Gilligan hits back

by Richard on August 28, 2004

Andrew Gilligan, the journalist who sparked off the controversy over whether the British government’s intelligence dossier on the threat posed by Iraq was wholly accurate has hit back.

“The dossier was sexed up, the intelligence services were unhappy about it… and Alistair Campbell was at the heart of the process,” he said. “If the aim was to disprove the BBC’s story and restore faith in Tony Blair, it simply could not have been more counter productive.”

This has taken longer than I thought it would. It is now very clear that the “information” with which the British parliament was persuaded to support the war on Iraq was deeply flawed. If a journalist has to resign over one ill-judged (and unscripted) sentence in an early morning radio broadcast, if the Director General of the BBC has to resign because of that journalist’s mistake — how is it that no government ministers are being held to account for this much more grievous blunder?

{ 5 comments… read them below or add one }

1

Steve 08.29.04 at 12:32 pm

I would say he resigned, and the story was huge, becasue he said, with no evidence that teh Gpvernment deliberatly lied. He seems to be coming back into fashion now, despite the fact that he tried to cover up his dodgy reporting and one of his witnesses had to engage lawyers to substa=ntiate what she actually di, and more to the point did not say to him.

Sorry - this is a little aggressive - but it annoys me that Gilligan still believes he did no wrong.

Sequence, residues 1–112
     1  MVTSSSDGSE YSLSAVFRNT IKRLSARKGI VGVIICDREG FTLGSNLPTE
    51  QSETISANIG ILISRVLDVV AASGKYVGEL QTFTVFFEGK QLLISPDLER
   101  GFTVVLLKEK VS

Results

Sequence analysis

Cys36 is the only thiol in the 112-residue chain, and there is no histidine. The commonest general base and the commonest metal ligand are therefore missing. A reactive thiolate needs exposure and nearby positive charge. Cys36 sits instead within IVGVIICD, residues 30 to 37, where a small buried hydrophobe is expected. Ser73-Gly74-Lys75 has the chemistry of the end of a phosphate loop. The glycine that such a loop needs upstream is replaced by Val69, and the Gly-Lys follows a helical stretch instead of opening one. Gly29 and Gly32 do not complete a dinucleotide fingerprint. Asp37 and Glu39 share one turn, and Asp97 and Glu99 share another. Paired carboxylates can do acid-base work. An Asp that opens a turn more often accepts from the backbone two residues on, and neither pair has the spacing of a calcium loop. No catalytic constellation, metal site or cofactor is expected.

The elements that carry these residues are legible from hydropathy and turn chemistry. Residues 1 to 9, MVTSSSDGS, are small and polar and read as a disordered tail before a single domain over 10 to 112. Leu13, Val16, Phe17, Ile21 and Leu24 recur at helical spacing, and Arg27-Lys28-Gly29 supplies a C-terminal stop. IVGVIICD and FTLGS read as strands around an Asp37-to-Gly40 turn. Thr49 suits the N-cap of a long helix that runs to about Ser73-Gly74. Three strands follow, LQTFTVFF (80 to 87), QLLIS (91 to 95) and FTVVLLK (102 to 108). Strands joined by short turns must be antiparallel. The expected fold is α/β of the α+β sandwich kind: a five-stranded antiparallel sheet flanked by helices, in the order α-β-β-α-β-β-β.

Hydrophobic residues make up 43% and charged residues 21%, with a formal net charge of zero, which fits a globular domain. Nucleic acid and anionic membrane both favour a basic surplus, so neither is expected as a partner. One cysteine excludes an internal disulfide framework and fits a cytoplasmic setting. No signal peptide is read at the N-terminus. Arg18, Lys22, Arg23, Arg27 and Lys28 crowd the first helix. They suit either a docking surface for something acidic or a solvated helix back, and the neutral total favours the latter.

2

Richard 08.29.04 at 6:07 pm

It isn’t true that Gilligan believes he did *no* wrong. He admits his errors. His report said that the government had “sexed up” the intelligence dossier, not on “no evidence”, but on the evidence of Dr David Kelly who later committed suicide. It later turned out that the intelligence information was manipulated as he said it had been.

That’s how it went, isn’t it?

3

Steve 08.29.04 at 10:04 pm

Hi Richard

Its not that he said that the evidence was manipulated, althogh i think manipulated is a strong word, but that he said that the Government, more particually Tony Blair deliberatly chose to insert something he knew was not true - whcih is something that was never given to him as evidence (could it be that he was sexing up his story ;) - and no-one who he spoke to could be in a position to confirm - which is what I meant by no evidence. Although he said at the time that he had made errors - under immmense public pressure, - his various statements since have nothing if not taken that back, even if not explicity, and he clearly belives that he did no wrong. Certainly he misled the enquiry in order to prove his version of events, and only admitted errors when he was caught out. That’s my take on it anyway.

4

Richard 08.29.04 at 10:56 pm

I think we’ll have to agree to differ on this one Steve.

5

Steve 08.30.04 at 10:20 pm

indeed. :)

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